Executive Master of Public Administration-Public Service Leaders - 2010
What is the role of the patient advocate?
It’s not only imperative in the current health care market to increase patient satisfaction, but it’s the right thing to do. We want to be proactive in terms of what the patients want, value and need, addressing small issues before they turn into big problems. These issues range from better communication with their health team to different food or creating a less stressful experience.
I do daily rounds with a nurse manager or a charge nurse and we ask patients directly if they have any questions or concerns that they’d like to be addressed. My goal in making rounds is to introduce myself to patients and let them know that I can support them in this unfamiliar and often scary environment. I can step in immediately to help them and their families. Also, I want to make sure that patients understand that they’re also part of the team and should play an active role in making decisions about their care. Many patients don’t know how to take on that role and are nervous that they will be perceived as demanding, or that doctors won’t want listen to them. Patients may need a lot of support. Patient advocates hear their complaints and try to turn around difficult situations.
What made you decide to get an EMPA at Wagner?
I was a freelance television producer for more than 25 years, and I decided that I wanted to go back to working for a nonprofit or public organization and that getting a master’s degree would open up a lot of doors. I started working at Trickle Up, an international microfinance organization, writing development proposals, and it was there that I met several people who were in Wagner’s MPA program. The program sounded exciting and the networking aspect was appealing.
Did you find Wagner to be a rewarding experience?
The program was perfect for me and I loved being in school. I loved the classes (especially those taught with the case studies) and talking about policy issues and the role of leadership and management. The EMPA program offered an exciting combination of new concepts and reinforced things I already knew and wanted to delve into more deeply. There was also a big emphasis on networking, which was really rewarding. Hearing from people in the field and having the opportunity to make those contacts was invaluable. I actually met a colleague who helped me land my current job. We bonded through the shared experience of going through the EMPA program and she encouraged me join her in health care. We work very closely together now.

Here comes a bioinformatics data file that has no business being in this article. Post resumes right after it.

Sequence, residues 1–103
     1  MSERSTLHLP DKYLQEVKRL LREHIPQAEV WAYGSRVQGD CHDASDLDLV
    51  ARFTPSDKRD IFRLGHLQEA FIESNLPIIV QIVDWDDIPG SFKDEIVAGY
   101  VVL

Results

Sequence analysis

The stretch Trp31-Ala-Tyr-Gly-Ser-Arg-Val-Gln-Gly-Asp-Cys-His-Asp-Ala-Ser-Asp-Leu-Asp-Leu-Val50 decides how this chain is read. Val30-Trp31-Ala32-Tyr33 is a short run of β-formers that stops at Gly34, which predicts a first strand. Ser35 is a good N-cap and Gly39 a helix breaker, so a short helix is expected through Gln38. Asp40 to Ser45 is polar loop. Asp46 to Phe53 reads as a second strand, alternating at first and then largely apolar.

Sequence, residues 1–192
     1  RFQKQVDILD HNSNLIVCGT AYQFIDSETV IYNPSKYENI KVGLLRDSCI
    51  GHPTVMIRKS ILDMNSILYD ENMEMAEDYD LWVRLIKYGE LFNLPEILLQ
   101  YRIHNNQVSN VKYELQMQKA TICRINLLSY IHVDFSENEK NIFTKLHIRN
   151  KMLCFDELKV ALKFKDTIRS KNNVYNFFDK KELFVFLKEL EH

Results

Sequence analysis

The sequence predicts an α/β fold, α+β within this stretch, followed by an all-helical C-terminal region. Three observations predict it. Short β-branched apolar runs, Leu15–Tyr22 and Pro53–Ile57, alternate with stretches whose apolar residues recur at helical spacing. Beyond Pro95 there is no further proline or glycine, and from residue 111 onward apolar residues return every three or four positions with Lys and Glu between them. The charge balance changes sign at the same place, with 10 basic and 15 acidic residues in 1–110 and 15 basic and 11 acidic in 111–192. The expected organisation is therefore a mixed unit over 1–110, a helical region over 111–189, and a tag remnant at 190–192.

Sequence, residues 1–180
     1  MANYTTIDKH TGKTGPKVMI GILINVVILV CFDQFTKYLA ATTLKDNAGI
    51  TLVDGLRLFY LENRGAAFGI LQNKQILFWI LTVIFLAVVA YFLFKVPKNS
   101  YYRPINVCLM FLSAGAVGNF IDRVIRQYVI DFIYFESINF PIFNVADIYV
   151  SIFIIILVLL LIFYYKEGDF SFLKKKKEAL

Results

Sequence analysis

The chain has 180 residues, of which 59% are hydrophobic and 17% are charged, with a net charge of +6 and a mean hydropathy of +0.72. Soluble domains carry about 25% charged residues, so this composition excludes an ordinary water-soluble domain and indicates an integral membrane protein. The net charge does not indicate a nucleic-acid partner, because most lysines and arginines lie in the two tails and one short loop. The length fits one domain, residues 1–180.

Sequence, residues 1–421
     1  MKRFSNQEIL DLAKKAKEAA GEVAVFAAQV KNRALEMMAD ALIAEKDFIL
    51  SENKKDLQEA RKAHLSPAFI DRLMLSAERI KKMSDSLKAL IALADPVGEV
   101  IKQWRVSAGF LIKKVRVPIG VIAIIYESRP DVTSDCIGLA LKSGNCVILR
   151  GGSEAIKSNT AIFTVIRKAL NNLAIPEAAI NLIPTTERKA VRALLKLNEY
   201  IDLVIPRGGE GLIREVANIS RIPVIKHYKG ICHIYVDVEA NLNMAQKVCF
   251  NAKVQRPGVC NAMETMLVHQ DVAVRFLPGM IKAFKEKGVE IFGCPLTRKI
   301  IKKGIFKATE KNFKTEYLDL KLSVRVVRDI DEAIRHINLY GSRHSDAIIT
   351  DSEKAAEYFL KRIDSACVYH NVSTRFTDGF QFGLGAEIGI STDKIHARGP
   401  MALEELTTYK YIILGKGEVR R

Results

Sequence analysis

Were there any skills you gained at Wagner that have been particularly useful/relevant to your career?
Wagner gave me a framework for looking at policy issues and the strategic management skills that I use everyday. This combination of a theoretical framework and concrete skills and tools has been very helpful in my role as a patient advocate.
What are your future career goals?
I really enjoy working with patients because it’s bigger than improving their individual hospital experiences. I see between 40 and 60 patients each day; my goal is to spot the trends and issues, such as bottlenecks, and to alert the hospital administrators who can address and change the systemic problems. The hospital has put a big focus this kind of improvement through rapid intervention experiences and a lean management program in the last few years. I see myself as a champion of change within the hospital system as well as for patients, and I hope to advance to working in management in the department.
Do you have any thoughts for people who are thinking about getting an EMPA from Wagner?
I absolutely would—and do—recommend the program to many people. It provides a strong foundation for understanding policy and the latest trends across the public sector. It employs accomplished faculty and creative support staff. And because Wagner is so connected in the New York community, there are a host of valuable opportunities for networking.